As for the first stint, I was in mid-decade as a music reviewer for The Salt Lake Tribune at that time and also was moonlighting publishing a small monthly tabloid for the now-defunct Zephyr Club (a way for the noted music nightclub to get around the then-ban on private clubs advertising). As fate would have it, I had the paper printed at a little press shop in Midvale, the same place Saltas was assembling his fledgling paper.
One morning, he asked if I would quickly look over his pages for any glaring typos. After a few times of that, I was put on the payroll. Because of my Tribune position, I had to use a pseudonym, and so I mixed my grandfather’s surname and my own initials to become J.P. Gabellini (the Zephyr paper had me as J. Paul Johnson).
In addition to the copy editing, I also was afforded the opportunity to write a variety of columns—as an ersatz restaurant reviewer (hey, I like to eat so that seemed a good thing to do); penning a short feature on recent music events around town I called Eighth Notes; and doing the occasional personal piece not unlike Saltas’s own current weekly column, Private Eye.
The paper grew and soon moved downtown a few doors from the late Port O’ Call. The list of contributors also grew, and quite a cast of characters it was. The noted defense attorney Ronald J. Yengich spent a number of years writing a column. For some reason, the irascible barrister had the kindness to allow my editing without too much complaining, something I attribute to the fact that we were both comrades-in-arms as owners at different times of the much-missed Dead Goat Saloon (a fact he mostly wouldn’t discuss).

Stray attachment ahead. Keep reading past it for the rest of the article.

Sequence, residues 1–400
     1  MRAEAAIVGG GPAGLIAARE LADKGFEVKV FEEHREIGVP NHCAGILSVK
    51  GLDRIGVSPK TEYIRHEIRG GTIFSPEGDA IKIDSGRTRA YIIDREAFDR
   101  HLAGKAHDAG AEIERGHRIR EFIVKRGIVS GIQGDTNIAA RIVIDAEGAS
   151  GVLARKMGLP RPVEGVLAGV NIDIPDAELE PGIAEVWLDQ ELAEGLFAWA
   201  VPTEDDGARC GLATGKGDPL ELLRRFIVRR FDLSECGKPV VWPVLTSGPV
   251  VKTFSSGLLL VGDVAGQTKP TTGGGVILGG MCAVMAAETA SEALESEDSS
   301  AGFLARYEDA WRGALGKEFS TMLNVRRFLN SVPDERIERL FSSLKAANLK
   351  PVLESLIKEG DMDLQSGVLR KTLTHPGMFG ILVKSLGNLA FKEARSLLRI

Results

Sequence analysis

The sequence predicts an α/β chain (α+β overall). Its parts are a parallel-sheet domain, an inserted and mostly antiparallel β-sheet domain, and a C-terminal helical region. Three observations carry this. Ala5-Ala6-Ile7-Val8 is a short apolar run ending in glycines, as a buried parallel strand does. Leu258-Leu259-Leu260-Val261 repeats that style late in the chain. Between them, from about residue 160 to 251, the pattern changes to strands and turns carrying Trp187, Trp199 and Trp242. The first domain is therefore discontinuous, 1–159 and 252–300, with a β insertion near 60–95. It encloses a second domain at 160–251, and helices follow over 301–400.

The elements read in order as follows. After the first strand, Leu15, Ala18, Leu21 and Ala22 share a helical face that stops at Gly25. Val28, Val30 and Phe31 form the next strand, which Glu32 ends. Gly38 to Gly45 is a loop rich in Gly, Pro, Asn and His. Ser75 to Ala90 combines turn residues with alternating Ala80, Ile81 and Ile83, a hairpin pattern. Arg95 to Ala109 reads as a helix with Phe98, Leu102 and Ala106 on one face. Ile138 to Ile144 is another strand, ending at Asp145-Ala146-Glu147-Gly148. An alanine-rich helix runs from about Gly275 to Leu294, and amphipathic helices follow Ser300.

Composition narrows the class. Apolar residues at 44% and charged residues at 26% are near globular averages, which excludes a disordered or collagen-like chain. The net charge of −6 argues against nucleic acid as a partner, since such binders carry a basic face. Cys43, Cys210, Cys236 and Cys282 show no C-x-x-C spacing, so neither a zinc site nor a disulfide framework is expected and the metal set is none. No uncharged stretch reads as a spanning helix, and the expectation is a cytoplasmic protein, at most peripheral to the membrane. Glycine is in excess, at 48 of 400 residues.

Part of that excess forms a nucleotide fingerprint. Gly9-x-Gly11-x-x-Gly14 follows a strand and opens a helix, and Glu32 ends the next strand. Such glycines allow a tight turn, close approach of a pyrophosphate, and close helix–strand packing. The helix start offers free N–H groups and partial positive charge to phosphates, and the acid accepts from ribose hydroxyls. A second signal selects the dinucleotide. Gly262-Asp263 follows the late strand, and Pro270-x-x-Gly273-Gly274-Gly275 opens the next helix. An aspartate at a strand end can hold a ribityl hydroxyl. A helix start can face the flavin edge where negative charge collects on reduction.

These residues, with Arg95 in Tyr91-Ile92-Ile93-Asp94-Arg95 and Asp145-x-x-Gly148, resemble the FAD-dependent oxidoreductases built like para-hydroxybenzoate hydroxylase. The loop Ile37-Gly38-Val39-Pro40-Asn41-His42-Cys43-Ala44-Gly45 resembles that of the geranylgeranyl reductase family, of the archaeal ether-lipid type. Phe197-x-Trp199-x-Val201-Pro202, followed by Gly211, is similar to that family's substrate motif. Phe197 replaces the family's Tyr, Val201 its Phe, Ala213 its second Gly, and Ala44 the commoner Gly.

That last position eventually necessitated my leaving Private Eye Weekly—same paper, now published weekly—to focus on my demanding nightclub venture.
It was at 2009’s celebrated Saltas family Greek Easter party that I had the opportunity to thank John in person for a kind mention in the paper of my original position with him. After meeting current editor Jerre Wroble that day and mentioning my premier slot, I jokingly inquired if that copy editor gig might still be open.
Her phone call to me a week later was an invitation to return to a job I always had felt honored to have and for over decade very much missed. Maybe I should run true to form and again go with a pseudonym; say, Jojo (from the Beatles). “. . . get back to where you once belonged.”